A badge of honor?

The Smart Manager - - Editorial - Poorn­ima subra­ma­nian | se­nior ed­i­tor

Fail­ure has a new color—white. It is no longer the evil an­tag­o­nist peo­ple shied away from. In fact, they now em­brace it. Mul­ti­tudes of suc­cess sto­ries built on the de­bris of mul­ti­ple fail­ures are a part of busi­ness folk­lore. And it is no longer a Sil­i­con Val­ley phe­nom­e­non. It is ac­cepted across all walks of life, across coun­tries and cul­tures. There is now a Fail­ure In­sti­tute—a first-of-its-kind or­ga­ni­za­tion ded­i­cated to study­ing busi­ness fail­ures.

This trans­for­ma­tion in per­spec­tive has had many pos­i­tive spin-offs. En­trepreneur­ship is on the as­cent, in­no­va­tors are em­bold­ened, there is enough cap­i­tal on the ta­ble, and most im­por­tantly, it is no longer the end of the road. Sec­ond, third, and even fourth chances are now a norm. Our cover story this is­sue is on fail­ure—how not to fall prey to the vic­tim syn­drome, learn­ing from fail­ure, and the need to trans­form one’s re­la­tion­ship with it. And else­where in the is­sue, Vivek Mehra of Sage Pub­li­ca­tions writes about the need to build a cul­ture of com­pas­sion in or­ga­ni­za­tions. Imag­ine thriv­ing in a cul­ture that cel­e­brates com­pas­sion and fail­ures!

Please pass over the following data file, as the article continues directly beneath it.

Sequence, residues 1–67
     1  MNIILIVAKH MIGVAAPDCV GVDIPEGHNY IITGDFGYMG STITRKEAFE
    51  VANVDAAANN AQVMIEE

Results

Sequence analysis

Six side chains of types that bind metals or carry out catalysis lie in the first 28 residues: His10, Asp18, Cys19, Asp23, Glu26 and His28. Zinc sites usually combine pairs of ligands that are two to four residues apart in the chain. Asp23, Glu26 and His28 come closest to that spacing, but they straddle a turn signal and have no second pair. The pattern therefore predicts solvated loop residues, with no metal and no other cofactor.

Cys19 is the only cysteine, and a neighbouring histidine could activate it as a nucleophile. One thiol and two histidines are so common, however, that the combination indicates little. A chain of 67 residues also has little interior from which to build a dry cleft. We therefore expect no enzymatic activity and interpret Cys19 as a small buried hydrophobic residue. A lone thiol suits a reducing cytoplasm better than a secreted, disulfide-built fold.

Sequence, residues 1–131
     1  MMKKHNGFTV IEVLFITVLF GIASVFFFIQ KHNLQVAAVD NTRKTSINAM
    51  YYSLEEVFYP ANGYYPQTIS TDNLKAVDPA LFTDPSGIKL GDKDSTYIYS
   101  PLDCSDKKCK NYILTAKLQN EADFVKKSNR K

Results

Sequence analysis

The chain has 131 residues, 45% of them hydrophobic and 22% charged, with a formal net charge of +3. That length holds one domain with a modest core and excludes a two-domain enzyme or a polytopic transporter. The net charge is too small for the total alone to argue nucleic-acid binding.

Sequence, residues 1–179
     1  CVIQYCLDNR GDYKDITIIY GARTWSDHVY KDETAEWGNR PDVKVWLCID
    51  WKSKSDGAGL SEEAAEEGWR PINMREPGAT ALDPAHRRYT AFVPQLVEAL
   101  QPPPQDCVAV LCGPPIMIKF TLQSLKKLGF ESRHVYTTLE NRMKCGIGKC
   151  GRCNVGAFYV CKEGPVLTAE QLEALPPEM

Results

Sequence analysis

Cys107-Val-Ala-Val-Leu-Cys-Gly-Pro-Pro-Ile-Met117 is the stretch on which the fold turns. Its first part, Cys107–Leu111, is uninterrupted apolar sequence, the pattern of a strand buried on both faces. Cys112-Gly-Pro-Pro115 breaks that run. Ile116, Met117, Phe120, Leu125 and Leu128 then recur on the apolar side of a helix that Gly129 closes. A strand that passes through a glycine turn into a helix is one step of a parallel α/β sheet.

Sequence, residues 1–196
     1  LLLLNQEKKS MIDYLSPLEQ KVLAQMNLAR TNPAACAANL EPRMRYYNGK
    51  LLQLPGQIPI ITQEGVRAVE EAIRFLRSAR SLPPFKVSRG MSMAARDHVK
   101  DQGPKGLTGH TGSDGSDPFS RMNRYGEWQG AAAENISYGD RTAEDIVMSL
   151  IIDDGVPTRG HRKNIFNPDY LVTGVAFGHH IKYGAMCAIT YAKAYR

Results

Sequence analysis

Leti­cia Gasca, ex­ec­u­tive di­rec­tor of Fail­ure In­sti­tute and co-founder of FuckUp Nights—a plat­form where in­di­vid­u­als can share sto­ries of pro­fes­sional fail­ures—in her TED Talk in­jects a note of cau­tion. “Every time I lis­ten to Sil­i­con Val­ley types or stu­dents brag­ging about fail­ing fast… I cringe. Be­cause I think that there is a dark side on the mantra ‘fail fast’. Of course, fail­ing fast is a great way to ac­cel­er­ate learn­ing and avoid wast­ing time. But I fear that when we present rapid fail­ure to en­trepreneurs as their one and only op­tion, we might be pro­mot­ing lazi­ness… I also fear that the cul­ture of rapid fail­ure could be min­i­miz­ing the dev­as­tat­ing con­se­quences of the fail­ure of a busi­ness… For this rea­son… I want to pro­pose a new mantra: fail mind­fully. We must re­mem­ber that busi­nesses are made of peo­ple, busi­nesses are not en­ti­ties that ap­pear and dis­ap­pear mag­i­cally with­out con­se­quences… But what does it mean to fail mind­fully? It means be­ing aware of the im­pact, of the con­se­quences of the fail­ure of that busi­ness. Be­ing aware of the lessons learned. And be­ing aware of the re­spon­si­bil­ity to share those learn­ings with the world.” An in­sight I am sure many of us will mull over.

Happy Read­ing!

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